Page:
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Bus vandalism blitz may be short-lived

THE WA Government’s much heralded blitz on bus vandals could run for just four to six weeks.

The blitz, using controversial private security firm Secureforce International, could cost $600,000 a year to run if it is continued.

Each two-man mobile patrol costs $100,000 a year and up to six patrols can be on the road on any given day.

The trial is being co-funded by the Government and Perth’s public transport bus operators Path Transit and Southern Coast Transit.

A spokesman for Planning and Infrastructure Minister Alannah MacTiernan said the Government would reassess the patrols at the end of the initial trial period.

“After the period we will make some long-term decisions. We’re trying to develop good benchmarks for good security,” he said.

“It’s not about the number of patrols that are running; it’s about the response to need.”

Secureforce had been running similar patrols until the Government stopped them in December.

However, those patrols had been a trial added to the contract Secureforce had with the Government to provide static guard patrols at bus stations.

At the time, [then] Public Transport Minister Michelle Roberts said the decision to cease the patrols had been an administrative one made by Transperth.

The public transport portfolio was transferred to Ms MacTiernan on July 1.

Secureforce, headed by John Ryan, ran foul of the Transport Workers Union for underpaying its workers.

TWU spokesman Paul Aslan said the union had taken Mr Ryan to the Industrial Court for unfair dismissal of some of his workers.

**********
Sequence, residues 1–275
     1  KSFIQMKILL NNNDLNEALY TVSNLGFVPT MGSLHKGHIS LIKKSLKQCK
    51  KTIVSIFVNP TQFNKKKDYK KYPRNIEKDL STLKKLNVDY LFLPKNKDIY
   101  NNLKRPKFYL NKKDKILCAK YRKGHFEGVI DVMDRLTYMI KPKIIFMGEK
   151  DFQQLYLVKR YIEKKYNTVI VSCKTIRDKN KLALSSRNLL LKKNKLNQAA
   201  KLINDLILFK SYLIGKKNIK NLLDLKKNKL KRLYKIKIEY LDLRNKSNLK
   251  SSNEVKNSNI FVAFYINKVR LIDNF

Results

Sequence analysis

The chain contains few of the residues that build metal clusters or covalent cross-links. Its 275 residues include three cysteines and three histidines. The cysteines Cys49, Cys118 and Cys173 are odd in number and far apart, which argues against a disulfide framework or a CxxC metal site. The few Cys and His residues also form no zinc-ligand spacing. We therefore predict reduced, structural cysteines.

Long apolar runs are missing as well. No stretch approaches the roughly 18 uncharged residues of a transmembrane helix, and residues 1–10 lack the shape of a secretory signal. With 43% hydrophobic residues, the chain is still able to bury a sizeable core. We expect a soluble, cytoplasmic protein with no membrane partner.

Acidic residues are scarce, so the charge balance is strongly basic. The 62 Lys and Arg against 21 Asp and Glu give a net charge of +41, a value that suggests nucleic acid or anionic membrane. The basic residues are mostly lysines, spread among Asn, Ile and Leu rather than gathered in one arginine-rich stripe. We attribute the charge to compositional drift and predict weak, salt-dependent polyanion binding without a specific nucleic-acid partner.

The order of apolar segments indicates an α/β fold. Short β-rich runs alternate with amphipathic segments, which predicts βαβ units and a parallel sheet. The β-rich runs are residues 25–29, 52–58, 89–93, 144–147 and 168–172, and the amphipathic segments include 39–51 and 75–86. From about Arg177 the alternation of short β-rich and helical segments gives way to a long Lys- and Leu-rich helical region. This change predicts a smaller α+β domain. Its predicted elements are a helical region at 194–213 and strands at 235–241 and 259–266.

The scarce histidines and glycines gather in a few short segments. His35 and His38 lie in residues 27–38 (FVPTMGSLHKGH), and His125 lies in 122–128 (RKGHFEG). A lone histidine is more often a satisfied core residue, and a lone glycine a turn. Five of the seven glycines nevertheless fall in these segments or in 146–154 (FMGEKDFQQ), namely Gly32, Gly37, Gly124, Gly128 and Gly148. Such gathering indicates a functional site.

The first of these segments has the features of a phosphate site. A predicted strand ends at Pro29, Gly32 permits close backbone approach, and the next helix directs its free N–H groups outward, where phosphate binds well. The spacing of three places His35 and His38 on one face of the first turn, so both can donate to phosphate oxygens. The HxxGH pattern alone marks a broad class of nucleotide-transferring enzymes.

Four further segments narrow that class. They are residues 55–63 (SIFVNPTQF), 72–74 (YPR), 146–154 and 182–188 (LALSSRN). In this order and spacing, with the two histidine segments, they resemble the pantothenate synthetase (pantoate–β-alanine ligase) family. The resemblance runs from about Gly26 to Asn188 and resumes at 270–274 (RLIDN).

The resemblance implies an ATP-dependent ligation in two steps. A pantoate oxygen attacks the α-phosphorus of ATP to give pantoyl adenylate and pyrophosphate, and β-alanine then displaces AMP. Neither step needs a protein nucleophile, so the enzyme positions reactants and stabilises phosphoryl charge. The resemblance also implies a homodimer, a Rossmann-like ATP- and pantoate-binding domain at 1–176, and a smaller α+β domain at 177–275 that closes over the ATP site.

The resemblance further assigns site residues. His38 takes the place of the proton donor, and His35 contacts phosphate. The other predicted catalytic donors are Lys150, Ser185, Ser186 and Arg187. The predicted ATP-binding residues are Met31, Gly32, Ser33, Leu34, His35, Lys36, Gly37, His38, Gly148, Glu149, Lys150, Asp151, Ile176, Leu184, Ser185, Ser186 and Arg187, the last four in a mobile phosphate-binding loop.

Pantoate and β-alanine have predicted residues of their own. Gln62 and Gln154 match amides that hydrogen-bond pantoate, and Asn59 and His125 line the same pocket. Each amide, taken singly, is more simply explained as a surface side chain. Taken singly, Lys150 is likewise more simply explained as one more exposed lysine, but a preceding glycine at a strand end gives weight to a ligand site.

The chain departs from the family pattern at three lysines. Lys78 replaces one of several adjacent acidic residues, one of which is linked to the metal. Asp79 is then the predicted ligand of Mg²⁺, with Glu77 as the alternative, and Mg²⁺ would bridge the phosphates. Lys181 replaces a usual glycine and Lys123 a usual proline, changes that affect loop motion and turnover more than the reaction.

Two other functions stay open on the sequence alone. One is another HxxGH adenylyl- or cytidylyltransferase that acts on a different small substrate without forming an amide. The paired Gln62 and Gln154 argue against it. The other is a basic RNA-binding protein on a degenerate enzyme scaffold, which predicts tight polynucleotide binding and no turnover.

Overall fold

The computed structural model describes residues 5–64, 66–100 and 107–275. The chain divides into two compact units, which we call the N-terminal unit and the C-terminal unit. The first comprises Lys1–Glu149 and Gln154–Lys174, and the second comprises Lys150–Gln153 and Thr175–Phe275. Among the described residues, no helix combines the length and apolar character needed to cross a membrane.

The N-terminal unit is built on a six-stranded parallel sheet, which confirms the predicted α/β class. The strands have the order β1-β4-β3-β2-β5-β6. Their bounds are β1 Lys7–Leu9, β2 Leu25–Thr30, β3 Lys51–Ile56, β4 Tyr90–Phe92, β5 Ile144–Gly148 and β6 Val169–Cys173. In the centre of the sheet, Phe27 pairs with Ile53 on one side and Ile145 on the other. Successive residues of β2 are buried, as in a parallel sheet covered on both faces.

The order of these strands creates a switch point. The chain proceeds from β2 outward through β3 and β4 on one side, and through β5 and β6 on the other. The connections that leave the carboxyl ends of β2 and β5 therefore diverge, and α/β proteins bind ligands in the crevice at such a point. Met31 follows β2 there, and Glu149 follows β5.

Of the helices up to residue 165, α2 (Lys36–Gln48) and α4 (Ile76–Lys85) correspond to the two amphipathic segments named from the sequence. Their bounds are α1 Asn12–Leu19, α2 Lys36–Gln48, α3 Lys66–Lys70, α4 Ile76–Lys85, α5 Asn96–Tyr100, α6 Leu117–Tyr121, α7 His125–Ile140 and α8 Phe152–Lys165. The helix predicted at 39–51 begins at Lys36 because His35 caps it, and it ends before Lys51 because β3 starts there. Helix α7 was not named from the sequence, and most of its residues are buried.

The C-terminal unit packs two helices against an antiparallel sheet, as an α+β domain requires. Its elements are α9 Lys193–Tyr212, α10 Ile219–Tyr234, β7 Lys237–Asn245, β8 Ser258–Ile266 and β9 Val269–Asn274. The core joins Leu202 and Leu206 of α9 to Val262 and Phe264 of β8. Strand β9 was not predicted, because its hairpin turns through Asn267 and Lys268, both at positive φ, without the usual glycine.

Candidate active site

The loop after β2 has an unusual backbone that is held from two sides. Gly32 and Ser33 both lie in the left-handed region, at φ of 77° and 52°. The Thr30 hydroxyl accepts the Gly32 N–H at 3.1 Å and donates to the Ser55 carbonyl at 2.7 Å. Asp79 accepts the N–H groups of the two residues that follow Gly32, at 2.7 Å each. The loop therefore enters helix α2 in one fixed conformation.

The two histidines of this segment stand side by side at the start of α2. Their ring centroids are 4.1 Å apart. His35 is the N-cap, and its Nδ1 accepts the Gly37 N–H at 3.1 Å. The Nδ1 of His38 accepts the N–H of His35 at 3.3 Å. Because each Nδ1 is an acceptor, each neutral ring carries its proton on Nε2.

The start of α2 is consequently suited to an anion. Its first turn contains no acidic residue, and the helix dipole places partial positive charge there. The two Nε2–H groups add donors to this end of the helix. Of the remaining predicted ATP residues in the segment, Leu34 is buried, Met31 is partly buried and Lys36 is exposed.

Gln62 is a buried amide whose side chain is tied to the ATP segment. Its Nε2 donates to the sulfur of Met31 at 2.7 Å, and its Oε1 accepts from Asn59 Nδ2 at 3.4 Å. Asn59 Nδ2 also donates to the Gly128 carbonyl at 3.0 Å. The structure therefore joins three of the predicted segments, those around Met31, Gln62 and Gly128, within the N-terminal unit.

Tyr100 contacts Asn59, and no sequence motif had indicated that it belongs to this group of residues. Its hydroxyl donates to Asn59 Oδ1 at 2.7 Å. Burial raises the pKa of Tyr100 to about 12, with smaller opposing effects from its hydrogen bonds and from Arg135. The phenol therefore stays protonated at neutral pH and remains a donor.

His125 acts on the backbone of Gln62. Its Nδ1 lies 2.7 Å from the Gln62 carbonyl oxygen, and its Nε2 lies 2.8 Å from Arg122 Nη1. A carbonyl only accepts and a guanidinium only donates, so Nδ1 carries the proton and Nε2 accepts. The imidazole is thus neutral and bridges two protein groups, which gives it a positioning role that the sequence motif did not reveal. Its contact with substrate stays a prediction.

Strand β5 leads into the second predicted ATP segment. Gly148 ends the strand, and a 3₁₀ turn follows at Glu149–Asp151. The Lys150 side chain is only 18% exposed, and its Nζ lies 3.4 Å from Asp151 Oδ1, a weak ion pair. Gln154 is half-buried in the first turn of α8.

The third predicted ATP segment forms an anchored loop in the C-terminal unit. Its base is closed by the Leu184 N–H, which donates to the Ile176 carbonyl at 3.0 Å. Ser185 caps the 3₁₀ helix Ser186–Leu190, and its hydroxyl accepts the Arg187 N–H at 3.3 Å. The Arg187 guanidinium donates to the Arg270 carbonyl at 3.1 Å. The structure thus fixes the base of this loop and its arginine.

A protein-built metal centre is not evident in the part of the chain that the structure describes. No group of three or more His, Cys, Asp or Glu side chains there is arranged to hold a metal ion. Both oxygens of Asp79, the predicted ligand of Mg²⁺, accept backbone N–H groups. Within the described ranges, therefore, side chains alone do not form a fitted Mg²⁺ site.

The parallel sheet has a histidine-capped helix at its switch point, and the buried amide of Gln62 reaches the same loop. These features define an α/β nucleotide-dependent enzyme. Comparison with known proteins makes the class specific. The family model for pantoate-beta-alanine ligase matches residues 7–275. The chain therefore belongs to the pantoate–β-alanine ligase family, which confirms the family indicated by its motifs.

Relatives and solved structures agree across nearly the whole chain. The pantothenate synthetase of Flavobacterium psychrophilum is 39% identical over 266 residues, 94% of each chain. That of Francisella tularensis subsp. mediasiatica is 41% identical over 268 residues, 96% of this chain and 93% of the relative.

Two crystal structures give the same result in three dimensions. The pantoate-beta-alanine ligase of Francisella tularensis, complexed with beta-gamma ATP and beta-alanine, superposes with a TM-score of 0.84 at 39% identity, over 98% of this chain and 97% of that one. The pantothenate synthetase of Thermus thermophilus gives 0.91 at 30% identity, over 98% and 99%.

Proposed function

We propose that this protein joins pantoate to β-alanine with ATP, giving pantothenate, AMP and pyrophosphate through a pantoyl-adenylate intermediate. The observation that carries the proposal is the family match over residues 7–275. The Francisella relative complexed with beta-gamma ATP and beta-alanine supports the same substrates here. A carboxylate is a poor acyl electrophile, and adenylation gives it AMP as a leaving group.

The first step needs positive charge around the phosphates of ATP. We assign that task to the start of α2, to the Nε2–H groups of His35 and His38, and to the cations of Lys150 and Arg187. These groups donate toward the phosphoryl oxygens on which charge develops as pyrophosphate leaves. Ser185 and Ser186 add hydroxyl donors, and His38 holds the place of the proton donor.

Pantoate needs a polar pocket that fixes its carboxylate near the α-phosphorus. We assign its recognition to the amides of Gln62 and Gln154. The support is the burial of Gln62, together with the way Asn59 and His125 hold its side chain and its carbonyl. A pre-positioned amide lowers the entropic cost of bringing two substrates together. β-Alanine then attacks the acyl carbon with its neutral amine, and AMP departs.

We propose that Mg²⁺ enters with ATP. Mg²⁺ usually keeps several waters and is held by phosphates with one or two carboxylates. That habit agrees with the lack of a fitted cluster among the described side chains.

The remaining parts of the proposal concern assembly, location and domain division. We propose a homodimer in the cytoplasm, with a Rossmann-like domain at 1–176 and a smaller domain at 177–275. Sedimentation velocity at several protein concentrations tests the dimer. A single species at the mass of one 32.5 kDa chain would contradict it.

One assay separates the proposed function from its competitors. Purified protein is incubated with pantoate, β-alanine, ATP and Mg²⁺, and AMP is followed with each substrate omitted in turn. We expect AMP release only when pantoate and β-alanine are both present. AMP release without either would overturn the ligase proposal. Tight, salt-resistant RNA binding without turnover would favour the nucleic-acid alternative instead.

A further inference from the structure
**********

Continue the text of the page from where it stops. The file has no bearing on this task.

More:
Guards working for Mr Ryan alleged he closed Secureforce International last year and opened another company, Metro Security Services, after it went to the TWU.

Australian Securities and Investments Commission records show Metro Security Services was registered in February 2000. The ASIC also has no records of Secureforce International ever being closed.

The Secureforce International guards also told the Government they were given insufficient time to leave their guns in a secure place after finishing jobs that required firearms in order to patrol bus terminals, where guns were not allowed. They often left their weapons in their cars.

Mr Aslan said the TWU had been unable to successfully prosecute Mr Ryan because the court ruled there had been no transmission of business.

However, despite the past between the two organisations, he said the reinstatement of mobile patrols was good.

“John Ryan is good at what he does,” Mr Aslan said.

Mr Ryan said his problem with the TWU had been caused by six employees who had refused to show him their police clearances.

“When they were approached by the police to make official statements they dropped their allegations and the union later dropped the charges,” he said.

Mr Ryan said he believed the mobile patrols would continue beyond the six-week trial.

“It just depends on the form they will take,” he said.

Secureforce also has the facilities management and control contract for the bus lanes on the Kwinana Freeway.

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